• In physics and the philosophy of physics, quantum Bayesianism (abbreviated QBism, pronounced "cubism") is an interpretation of quantum mechanics that takes an agent's actions and experiences as the central concerns of the theory. QBism deals with common questions in the interpretation of quantum theory about the nature of wavefunction superposition, quantum measurement, and entanglement. According to QBism, many, but not all, aspects of the quantum formalism are subjective in nature. For example, in this interpretation, a quantum state is not an element of reality—instead it represents the degrees of belief an agent has about the possible outcomes of measurements. For this reason, some philosophers of science have deemed QBism a form of anti-realism. The originators of the interpretation disagree with this characterization, proposing instead that the theory more properly aligns with a kind of realism they call "participatory realism", wherein reality consists of more than can be captured by any putative third-person account of it. This interpretation is distinguished by its use of a subjective Bayesian account of probabilities to understand the quantum mechanical Born rule as a normative addition to good decision-making. Rooted in the prior work of Carlton Caves, Christopher Fuchs, and Rüdiger Schack during the early 2000s, QBism itself is primarily associated with Fuchs and Schack and has more recently been adopted by David Mermin. QBism draws from the fields of quantum information and Bayesian probability and aims to eliminate the interpretational conundrums that have beset quantum theory. The QBist interpretation is historically derivative of the views of the various physicists that are often grouped together as "the" Copenhagen interpretation, but is itself distinct from them. Theodor Hänsch has characterized QBism as sharpening those older views and making them more consistent. More generally, any work that uses a Bayesian or personalist (a.k.a. "subjective") treatment of the probabilities that appear in quantum theory is also sometimes called quantum Bayesian. QBism, in particular, has been referred to as "the radical Bayesian interpretation". In addition to presenting an interpretation of the existing mathematical structure of quantum theory, some QBists have advocated a research program of reconstructing quantum theory from basic physical principles whose QBist character is manifest. The ultimate goal of this research is to identify what aspects of the ontology of the physical world make quantum theory a good tool for agents to use. However, the QBist interpretation itself, as described in the Core positions section, does not depend on any particular reconstruction. (en)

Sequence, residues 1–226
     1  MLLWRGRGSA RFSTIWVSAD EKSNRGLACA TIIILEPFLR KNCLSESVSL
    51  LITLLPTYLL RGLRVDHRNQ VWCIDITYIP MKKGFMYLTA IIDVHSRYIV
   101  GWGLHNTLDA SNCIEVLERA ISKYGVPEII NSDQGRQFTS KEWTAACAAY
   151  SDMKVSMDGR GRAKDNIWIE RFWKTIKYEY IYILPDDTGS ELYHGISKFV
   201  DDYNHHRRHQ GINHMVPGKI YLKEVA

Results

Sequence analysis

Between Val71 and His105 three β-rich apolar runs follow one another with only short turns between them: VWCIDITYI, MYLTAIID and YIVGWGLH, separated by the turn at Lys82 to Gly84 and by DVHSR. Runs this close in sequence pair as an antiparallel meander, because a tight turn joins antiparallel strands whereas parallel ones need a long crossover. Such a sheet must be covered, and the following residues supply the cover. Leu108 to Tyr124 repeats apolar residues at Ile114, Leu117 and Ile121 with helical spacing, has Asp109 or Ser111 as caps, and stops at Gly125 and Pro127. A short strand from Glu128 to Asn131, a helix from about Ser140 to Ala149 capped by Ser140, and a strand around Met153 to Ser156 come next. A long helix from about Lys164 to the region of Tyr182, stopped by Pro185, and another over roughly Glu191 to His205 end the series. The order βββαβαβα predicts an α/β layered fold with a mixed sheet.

• In physics and the philosophy of physics, quantum Bayesianism is a collection of related approaches to the interpretation of quantum mechanics, of which the most prominent is QBism (pronounced "cubism"). QBism is an interpretation that takes an agent's actions and experiences as the central concerns of the theory. QBism deals with common questions in the interpretation of quantum theory about the nature of wavefunction superposition, quantum measurement, and entanglement. According to QBism, many, but not all, aspects of the quantum formalism are subjective in nature. For example, in this interpretation, a quantum state is not an element of reality—instead it represents the degrees of belief an agent has about the possible outcomes of measurements. For this reason, some philosophers of science have deemed QBism a form of anti-realism. The originators of the interpretation disagree with this characterization, proposing instead that the theory more properly aligns with a kind of realism they call "participatory realism", wherein reality consists of more than can be captured by any putative third-person account of it. This interpretation is distinguished by its use of a subjective Bayesian account of probabilities to understand the quantum mechanical Born rule as a normative addition to good decision-making. Rooted in the prior work of Carlton Caves, Christopher Fuchs, and Rüdiger Schack during the early 2000s, QBism itself is primarily associated with Fuchs and Schack and has more recently been adopted by David Mermin. QBism draws from the fields of quantum information and Bayesian probability and aims to eliminate the interpretational conundrums that have beset quantum theory. The QBist interpretation is historically derivative of the views of the various physicists that are often grouped together as "the" Copenhagen interpretation, but is itself distinct from them. Theodor Hänsch has characterized QBism as sharpening those older views and making them more consistent. More generally, any work that uses a Bayesian or personalist (a.k.a. "subjective") treatment of the probabilities that appear in quantum theory is also sometimes called quantum Bayesian. QBism, in particular, has been referred to as "the radical Bayesian interpretation". In addition to presenting an interpretation of the existing mathematical structure of quantum theory, some QBists have advocated a research program of reconstructing quantum theory from basic physical principles whose QBist character is manifest. The ultimate goal of this research is to identify what aspects of the ontology of the physical world make quantum theory a good tool for agents to use. However, the QBist interpretation itself, as described in the Core positions section, does not depend on any particular reconstruction. (en)